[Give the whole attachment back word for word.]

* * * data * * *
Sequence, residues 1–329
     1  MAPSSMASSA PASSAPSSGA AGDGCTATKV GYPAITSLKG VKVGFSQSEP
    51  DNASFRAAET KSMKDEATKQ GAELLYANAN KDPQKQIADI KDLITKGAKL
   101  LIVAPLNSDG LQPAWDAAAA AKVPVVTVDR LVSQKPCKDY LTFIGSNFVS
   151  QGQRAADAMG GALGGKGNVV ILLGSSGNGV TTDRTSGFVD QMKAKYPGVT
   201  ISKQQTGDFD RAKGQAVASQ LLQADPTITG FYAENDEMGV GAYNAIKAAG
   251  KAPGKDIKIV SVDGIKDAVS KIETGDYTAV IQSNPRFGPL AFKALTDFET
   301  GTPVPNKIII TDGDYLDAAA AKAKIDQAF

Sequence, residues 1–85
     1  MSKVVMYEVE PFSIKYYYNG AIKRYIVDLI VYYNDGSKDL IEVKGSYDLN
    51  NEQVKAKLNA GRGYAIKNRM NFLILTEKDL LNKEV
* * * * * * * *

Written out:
Sequence, residues 1–329
     1  MAPSSMASSA PASSAPSSGA AGDGCTATKV GYPAITSLKG VKVGFSQSEP
    51  DNASFRAAET KSMKDEATKQ GAELLYANAN KDPQKQIADI KDLITKGAKL
   101  LIVAPLNSDG LQPAWDAAAA AKVPVVTVDR LVSQKPCKDY LTFIGSNFVS
   151  QGQRAADAMG GALGGKGNVV ILLGSSGNGV TTDRTSGFVD QMKAKYPGVT
   201  ISKQQTGDFD RAKGQAVASQ LLQADPTITG FYAENDEMGV GAYNAIKAAG
   251  KAPGKDIKIV SVDGIKDAVS KIETGDYTAV IQSNPRFGPL AFKALTDFET
   301  GTPVPNKIII TDGDYLDAAA AKAKIDQAF

Sequence, residues 1–85
     1  MSKVVMYEVE PFSIKYYYNG AIKRYIVDLI VYYNDGSKDL IEVKGSYDLN
    51  NEQVKAKLNA GRGYAIKNRM NFLILTEKDL LNKEV